Why Rattlesnakes Are An Intrinsic Part Of The Texas Experience

If you could put all of Texas culture into one football stadium (which would be a good place to put it) you would need to reserve a large section for rattlesnakes. After all, rattlesnakes have always loomed large in Texas legend and lore.

By W.F. StrongAugust 12, 2015 1:19 pm

W.F Strong is a Fulbright Scholar and professor of Culture and Communication at the University of Texas Rio Grande Valley. And at Public Radio 88 FM in Harlingen, Texas, he’s the resident expert on Texas literature, Texas legends, Blue Bell Ice Cream, Whataburger (with cheese) and mesquite smoked brisket.

A friend of mine from Austria tells me that when Europeans think about Texas, they think of cowboys and cattle and rattlesnakes. This is not surprising at all. Seems like every western ever made has a scene where a cowboy is surprised by a rattler and dispatches it with one perfect shot from his six shooter.

Having grown up myself in the brush country of Texas, I never found a pistol to be all that certain. I preferred a shotgun, a twelve-gauge if handy, and a double-barrelled if possible. An old rancher told me that if I ever heard a rattler raisin’ a warning nearby, I didn’t even need to look or aim, just move the barrel in his direction and he’ll aim for you. He’ll line up his head with the end of the barrel and you’ll get him most every time. I didn’t like his use of the word “most” in that prescription.

My mama had filled my head with all kinds of horror stories about rattlers. They could put their tail in their mouth and form a wheel to chase you with. If you shot one, he never died until the sun went down and his mate was sure to be looking for you forever. They were always hiding up under the truck, she said, waiting for you to get out, so don’t dawdle. Get in the house. If you cut a rattler’s head off, you should never carry the head in your pocket — because you could reach in that pocket, days later, and still get bit. And the rattles themselves were dangerous because rattler dust could blind a person. My mom told me years later that she knew most of it was exaggerated but she said you “couldn’t raise boys safely on reason; best to keep ‘em scared.”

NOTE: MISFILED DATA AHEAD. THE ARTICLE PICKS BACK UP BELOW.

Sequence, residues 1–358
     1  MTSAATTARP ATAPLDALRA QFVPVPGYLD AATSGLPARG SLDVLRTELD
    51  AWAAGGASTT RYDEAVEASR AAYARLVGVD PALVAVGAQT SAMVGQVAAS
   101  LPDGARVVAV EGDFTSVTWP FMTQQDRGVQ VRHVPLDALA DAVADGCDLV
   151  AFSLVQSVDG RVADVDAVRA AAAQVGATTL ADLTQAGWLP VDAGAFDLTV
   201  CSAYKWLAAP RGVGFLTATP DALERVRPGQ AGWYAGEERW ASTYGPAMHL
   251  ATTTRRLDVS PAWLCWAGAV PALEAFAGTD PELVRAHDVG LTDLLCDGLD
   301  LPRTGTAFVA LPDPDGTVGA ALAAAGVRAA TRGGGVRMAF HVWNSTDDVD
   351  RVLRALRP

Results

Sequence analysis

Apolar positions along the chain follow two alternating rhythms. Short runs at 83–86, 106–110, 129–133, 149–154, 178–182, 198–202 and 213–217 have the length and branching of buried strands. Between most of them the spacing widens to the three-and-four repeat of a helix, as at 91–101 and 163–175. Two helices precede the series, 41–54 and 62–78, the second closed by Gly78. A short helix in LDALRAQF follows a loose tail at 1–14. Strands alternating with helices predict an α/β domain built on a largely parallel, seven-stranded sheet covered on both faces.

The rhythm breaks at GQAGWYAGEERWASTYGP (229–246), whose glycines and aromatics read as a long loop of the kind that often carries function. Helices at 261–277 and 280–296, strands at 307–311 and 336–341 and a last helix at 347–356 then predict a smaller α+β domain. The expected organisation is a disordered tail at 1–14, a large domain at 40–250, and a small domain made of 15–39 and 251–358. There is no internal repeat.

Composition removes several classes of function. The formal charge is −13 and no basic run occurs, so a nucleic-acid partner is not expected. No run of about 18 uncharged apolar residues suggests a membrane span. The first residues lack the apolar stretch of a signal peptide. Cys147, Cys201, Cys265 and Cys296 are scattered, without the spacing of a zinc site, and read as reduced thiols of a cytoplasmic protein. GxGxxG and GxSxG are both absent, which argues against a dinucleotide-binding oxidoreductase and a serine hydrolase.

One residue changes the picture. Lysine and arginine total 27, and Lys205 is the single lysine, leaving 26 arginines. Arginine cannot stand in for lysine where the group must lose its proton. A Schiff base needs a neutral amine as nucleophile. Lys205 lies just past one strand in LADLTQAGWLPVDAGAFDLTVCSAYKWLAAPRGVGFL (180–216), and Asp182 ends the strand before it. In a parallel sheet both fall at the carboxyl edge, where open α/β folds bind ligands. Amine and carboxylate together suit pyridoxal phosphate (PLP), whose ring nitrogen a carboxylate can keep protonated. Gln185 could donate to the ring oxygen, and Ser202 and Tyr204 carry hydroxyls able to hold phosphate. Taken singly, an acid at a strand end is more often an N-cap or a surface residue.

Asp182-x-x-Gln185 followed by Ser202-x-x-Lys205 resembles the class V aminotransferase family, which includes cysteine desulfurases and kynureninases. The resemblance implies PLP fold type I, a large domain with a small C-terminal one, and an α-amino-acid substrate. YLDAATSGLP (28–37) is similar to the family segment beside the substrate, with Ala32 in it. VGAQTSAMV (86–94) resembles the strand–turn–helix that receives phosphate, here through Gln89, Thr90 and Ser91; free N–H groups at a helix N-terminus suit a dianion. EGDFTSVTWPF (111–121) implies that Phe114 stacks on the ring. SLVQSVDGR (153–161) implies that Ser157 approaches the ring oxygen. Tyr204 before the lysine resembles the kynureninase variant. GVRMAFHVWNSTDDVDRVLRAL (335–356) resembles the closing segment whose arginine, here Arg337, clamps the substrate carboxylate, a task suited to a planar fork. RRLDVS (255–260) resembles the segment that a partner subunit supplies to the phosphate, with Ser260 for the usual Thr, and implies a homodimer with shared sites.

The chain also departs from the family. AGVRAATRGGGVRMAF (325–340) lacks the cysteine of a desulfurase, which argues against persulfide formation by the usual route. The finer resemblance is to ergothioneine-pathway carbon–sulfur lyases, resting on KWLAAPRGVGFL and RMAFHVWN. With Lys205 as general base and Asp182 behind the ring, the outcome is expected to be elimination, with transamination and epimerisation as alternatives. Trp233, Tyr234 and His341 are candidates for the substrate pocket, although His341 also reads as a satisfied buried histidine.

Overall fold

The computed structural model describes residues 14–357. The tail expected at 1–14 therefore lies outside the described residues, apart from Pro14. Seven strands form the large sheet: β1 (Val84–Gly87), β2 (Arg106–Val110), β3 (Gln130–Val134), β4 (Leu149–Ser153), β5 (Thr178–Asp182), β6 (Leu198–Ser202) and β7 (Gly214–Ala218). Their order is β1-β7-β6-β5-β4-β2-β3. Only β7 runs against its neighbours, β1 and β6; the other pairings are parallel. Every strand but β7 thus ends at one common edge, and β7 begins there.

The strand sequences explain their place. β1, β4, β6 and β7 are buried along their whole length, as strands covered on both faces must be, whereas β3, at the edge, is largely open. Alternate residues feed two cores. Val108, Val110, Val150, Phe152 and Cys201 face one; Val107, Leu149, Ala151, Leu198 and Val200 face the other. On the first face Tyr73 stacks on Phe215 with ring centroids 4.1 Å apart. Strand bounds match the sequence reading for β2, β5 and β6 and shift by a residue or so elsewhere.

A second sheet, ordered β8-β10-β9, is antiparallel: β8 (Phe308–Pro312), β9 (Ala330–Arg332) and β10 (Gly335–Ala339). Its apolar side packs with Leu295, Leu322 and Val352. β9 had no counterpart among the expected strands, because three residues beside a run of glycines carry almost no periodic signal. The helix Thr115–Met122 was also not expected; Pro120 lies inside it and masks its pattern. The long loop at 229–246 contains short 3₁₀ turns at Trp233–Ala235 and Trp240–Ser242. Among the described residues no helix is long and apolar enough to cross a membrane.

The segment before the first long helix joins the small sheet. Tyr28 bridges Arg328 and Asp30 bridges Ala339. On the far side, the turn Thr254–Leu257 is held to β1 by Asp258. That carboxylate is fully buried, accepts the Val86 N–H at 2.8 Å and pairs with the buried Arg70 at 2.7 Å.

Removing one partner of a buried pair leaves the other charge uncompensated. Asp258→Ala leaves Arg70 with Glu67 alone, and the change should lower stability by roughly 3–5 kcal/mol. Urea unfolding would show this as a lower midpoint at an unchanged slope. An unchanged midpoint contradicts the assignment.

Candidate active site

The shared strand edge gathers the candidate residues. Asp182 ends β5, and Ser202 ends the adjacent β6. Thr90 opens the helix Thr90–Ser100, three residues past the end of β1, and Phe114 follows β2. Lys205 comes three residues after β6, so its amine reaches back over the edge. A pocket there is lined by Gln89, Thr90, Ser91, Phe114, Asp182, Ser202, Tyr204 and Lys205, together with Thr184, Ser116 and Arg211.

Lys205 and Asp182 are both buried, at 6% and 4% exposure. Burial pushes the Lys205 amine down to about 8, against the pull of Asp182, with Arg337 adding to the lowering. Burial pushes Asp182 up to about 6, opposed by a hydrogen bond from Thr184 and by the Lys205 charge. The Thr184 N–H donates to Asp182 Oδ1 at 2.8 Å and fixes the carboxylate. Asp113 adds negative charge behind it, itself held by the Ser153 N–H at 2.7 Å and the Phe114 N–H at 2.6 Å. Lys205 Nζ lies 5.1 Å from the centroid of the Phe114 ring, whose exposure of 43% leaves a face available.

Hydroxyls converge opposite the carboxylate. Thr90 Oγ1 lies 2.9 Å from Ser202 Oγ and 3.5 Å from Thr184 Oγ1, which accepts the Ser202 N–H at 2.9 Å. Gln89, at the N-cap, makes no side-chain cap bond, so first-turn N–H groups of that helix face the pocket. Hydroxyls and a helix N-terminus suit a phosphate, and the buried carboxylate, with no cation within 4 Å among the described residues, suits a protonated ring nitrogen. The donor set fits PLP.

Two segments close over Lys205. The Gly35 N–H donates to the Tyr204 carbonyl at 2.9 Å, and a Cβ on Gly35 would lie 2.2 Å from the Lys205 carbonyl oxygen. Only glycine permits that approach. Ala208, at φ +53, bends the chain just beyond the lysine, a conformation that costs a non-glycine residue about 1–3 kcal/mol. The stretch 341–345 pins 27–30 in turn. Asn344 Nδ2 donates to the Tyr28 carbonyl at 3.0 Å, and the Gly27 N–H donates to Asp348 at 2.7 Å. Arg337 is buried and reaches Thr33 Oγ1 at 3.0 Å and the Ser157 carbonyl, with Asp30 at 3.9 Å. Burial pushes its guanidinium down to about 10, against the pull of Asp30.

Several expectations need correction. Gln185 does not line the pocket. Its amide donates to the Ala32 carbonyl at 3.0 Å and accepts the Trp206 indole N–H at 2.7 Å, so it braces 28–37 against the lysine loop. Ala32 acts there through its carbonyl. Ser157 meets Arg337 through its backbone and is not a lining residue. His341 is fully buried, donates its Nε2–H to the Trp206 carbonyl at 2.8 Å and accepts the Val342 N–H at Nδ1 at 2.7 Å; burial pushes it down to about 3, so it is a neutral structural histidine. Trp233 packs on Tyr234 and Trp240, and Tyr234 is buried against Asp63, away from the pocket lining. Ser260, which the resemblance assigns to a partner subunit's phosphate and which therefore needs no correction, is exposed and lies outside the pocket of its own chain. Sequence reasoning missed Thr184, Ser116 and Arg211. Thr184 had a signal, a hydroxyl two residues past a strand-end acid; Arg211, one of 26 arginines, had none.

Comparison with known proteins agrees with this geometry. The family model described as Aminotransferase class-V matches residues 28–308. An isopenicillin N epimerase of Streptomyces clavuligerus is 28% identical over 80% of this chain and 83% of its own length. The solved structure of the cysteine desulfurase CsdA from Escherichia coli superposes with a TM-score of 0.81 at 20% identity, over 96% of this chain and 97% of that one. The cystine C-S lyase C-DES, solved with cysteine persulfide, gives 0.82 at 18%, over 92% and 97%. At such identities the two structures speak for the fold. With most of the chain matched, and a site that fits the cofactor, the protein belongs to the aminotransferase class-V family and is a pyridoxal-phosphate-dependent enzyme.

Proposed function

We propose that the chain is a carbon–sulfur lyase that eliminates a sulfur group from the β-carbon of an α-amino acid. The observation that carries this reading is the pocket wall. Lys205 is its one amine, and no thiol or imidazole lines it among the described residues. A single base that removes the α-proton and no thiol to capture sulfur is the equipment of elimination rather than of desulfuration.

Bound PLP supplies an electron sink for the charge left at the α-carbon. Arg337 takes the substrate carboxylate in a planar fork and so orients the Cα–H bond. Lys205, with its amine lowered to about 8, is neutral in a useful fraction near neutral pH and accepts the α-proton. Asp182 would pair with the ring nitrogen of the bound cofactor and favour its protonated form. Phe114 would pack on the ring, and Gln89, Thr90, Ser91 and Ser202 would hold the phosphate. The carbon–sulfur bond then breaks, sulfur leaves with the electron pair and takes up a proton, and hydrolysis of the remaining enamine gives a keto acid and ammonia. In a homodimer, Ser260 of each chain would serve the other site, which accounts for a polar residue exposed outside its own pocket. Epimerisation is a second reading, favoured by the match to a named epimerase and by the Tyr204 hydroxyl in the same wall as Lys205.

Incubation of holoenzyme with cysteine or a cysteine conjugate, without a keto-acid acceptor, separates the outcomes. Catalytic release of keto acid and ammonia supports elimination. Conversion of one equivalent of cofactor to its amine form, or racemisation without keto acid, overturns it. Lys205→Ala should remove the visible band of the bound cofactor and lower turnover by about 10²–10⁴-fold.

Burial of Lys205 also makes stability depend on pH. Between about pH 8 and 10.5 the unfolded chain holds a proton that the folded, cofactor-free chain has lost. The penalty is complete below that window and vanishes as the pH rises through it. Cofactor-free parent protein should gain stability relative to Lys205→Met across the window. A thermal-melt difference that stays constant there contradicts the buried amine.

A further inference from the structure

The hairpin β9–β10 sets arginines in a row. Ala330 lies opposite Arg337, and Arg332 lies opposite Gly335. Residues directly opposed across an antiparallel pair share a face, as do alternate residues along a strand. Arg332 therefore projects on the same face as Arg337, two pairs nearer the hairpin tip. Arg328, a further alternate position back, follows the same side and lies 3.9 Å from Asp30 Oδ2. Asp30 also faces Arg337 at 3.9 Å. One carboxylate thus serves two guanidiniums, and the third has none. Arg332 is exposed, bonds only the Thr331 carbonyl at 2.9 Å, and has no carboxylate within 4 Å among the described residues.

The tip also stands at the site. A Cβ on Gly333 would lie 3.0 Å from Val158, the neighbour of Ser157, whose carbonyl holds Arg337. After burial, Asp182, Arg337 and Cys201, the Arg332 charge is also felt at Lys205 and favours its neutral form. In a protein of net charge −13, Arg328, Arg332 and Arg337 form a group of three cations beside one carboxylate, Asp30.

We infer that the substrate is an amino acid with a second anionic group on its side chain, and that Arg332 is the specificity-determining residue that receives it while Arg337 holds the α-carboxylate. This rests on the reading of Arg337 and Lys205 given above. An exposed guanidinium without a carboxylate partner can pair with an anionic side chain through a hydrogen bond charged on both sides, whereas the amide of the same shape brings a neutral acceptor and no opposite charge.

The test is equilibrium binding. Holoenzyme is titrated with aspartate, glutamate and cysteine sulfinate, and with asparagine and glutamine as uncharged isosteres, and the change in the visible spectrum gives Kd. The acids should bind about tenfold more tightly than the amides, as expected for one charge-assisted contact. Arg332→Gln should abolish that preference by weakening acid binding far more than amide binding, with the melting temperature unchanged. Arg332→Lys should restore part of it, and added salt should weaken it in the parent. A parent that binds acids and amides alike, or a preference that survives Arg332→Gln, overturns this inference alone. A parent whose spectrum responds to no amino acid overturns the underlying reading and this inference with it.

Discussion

The great folklorist J. Frank Dobie said that there were two measures to a Texan’s character: Did they close every gate they went through and did they kill every rattler they came across? Dobie regarded the snake topic as so important that he wrote a entire book about it. And, being a professor, he gave the book one of those deep philosophical titles. He called it: Rattlesnakes. He spends some time on stories about the biggest rattlesnakes ever found in Texas. Several accounts, going back to frontier Texas, claim to have found rattlers ten and twelve feet long, weighing 25 to 30 pounds. Some say such monsters only existed back then because there was no civilization to cut short their large-sized evolution.

At the Sweetwater and Freer rattlesnake roundups each year six footers are not uncommon and, once in a great while, an eight footer is brought in. Dobie says the best way to make records in killing of longest rattlesnakes is to do it far away from measuring tapes and yardsticks — and with as few a witnesses as possible. Such things have a way of making one cautious with the facts.